Australian researchers are working on a less invasive, more precise way to manage blood cancers.

The Peter MacCallum Cancer Centre has unveiled a world-first ‘liquid biopsy’ technique to replace painful bone marrow or lymph node biopsies.

The experts say liquid biopsies can be applied in clinical cases of chronic lymphocytic leukaemia and myelodysplastic syndromes. 

The test monitors tiny fragments of DNA emitted from cancer cells into the blood stream, called circulating tumour DNA (ctDNA).

Unlike traditional biopsies, ctDNA tests track disease status throughout the body, can be used at any time over the course of cancer treatment, and enable rapid adjustments if a patient relapses or fails to respond to a particular therapy.

The world-first ctDNA test for blood cancers will also help with the availability of new precision medicines and targeted therapies as they are developed.

“Not only does this new test promise clinicians and patients a more timely and accurate understanding of whether a cancer treatment is working, it gives scientists the ability to quickly and effectively evaluate how clinical trial patients are responding to new life-saving therapies,” says Associate Professor Sarah-Jane Dawson.

Professor Mark Dawson says the liquid biopsy also addresses one of the major limitations of the current approach to managing blood cancers.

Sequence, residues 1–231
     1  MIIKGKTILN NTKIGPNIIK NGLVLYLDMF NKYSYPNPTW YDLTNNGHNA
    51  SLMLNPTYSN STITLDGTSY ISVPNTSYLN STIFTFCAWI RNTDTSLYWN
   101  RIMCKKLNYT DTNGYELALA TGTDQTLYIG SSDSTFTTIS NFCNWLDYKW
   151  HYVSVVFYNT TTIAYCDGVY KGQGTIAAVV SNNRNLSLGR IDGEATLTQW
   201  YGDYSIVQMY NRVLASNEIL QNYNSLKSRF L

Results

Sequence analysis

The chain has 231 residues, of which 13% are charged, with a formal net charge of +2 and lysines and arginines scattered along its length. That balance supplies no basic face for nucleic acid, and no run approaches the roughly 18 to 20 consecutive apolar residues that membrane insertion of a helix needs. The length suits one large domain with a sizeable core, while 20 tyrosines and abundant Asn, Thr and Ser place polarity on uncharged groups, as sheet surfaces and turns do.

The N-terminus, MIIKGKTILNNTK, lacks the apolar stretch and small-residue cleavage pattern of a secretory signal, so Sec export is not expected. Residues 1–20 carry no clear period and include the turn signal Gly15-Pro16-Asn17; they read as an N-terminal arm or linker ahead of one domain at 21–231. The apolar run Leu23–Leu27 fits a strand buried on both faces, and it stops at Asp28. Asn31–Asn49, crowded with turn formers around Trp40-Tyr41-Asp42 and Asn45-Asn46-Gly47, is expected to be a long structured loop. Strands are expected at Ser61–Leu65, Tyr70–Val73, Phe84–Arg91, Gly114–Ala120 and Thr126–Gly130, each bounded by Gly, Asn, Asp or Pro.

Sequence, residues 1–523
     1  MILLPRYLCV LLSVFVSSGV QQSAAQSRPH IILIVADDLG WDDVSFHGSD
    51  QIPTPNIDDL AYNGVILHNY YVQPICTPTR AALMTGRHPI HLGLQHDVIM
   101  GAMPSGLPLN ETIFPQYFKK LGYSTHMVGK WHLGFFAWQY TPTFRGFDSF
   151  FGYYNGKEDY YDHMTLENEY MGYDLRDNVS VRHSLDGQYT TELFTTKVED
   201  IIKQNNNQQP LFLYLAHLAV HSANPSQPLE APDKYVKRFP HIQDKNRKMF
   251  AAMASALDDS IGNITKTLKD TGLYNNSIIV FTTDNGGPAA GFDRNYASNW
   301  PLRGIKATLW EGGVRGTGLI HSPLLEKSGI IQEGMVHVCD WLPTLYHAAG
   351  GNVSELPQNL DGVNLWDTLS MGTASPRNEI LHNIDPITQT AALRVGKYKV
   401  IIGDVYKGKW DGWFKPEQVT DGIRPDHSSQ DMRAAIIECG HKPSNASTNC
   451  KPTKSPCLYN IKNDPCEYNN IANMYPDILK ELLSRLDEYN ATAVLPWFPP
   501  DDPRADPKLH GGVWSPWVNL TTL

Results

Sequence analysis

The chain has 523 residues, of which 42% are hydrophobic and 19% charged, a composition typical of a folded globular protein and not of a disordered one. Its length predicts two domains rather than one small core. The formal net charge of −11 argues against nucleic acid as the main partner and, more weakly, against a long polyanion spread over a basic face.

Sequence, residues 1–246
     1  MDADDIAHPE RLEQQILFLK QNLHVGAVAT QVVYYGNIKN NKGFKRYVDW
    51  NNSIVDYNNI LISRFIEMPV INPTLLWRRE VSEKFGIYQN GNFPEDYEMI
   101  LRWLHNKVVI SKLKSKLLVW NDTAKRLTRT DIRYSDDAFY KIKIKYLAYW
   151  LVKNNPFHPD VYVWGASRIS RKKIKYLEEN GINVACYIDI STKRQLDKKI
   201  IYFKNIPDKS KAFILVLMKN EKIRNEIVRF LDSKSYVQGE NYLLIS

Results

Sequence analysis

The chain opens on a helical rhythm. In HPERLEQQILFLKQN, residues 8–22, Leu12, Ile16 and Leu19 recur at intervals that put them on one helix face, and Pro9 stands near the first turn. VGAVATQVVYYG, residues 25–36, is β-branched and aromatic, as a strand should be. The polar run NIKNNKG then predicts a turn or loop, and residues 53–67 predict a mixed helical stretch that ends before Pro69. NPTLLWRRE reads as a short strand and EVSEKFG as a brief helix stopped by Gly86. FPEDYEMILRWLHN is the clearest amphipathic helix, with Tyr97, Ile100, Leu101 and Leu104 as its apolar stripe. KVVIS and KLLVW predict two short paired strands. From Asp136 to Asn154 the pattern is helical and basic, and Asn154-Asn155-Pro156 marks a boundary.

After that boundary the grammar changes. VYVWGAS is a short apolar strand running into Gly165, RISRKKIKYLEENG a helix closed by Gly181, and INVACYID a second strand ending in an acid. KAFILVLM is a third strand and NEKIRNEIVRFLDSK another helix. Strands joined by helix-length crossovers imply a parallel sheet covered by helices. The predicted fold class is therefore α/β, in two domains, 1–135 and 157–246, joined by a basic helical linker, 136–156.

“We know that a single tissue biopsy from the bone marrow or lymph node does not accurately reflect the composition of the whole tumour as there is significant variation – so called intra-tumour heterogeneity – that exists between the individual cells that make up any cancer,” he said.  

“Because cancer cells from all disease sites within the body shed their DNA into the bloodstream, we found that ctDNA collected from a routine blood sample more accurately mirrors the disease across all parts of the body.

“This ctDNA test for blood cancer therefore provides a much more comprehensive picture of how a patient is responding to their treatment,” Professor Dawson said.

Using liquid biopsies could significantly reduce costs to the health system too, with current bone marrow biopsies costing around $2,500 each and requiring patients to stay in hospital for up to six hours each time.

The ctDNA tests will be available to patients within Australia from late 2017 and are expected to become a standard clinical tool in the near future. 

A report on the procedure has been published in Nature Communications